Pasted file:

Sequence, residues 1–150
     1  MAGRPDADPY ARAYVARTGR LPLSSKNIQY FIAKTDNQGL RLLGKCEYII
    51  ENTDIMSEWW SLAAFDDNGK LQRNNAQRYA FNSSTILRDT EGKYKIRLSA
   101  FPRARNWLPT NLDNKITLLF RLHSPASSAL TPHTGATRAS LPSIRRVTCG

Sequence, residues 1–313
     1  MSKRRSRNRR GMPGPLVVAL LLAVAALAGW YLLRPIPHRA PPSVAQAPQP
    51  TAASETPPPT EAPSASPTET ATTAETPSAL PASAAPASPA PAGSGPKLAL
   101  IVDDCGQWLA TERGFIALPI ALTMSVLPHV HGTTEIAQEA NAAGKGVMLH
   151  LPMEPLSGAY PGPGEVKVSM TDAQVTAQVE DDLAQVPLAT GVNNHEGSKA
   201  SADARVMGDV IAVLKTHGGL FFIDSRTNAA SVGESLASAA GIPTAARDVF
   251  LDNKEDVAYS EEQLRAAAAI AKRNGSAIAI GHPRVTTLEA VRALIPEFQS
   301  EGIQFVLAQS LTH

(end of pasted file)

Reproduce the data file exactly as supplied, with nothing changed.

Sequence, residues 1–150
     1  MAGRPDADPY ARAYVARTGR LPLSSKNIQY FIAKTDNQGL RLLGKCEYII
    51  ENTDIMSEWW SLAAFDDNGK LQRNNAQRYA FNSSTILRDT EGKYKIRLSA
   101  FPRARNWLPT NLDNKITLLF RLHSPASSAL TPHTGATRAS LPSIRRVTCG

Sequence, residues 1–313
     1  MSKRRSRNRR GMPGPLVVAL LLAVAALAGW YLLRPIPHRA PPSVAQAPQP
    51  TAASETPPPT EAPSASPTET ATTAETPSAL PASAAPASPA PAGSGPKLAL
   101  IVDDCGQWLA TERGFIALPI ALTMSVLPHV HGTTEIAQEA NAAGKGVMLH
   151  LPMEPLSGAY PGPGEVKVSM TDAQVTAQVE DDLAQVPLAT GVNNHEGSKA
   201  SADARVMGDV IAVLKTHGGL FFIDSRTNAA SVGESLASAA GIPTAARDVF
   251  LDNKEDVAYS EEQLRAAAAI AKRNGSAIAI GHPRVTTLEA VRALIPEFQS
   301  EGIQFVLAQS LTH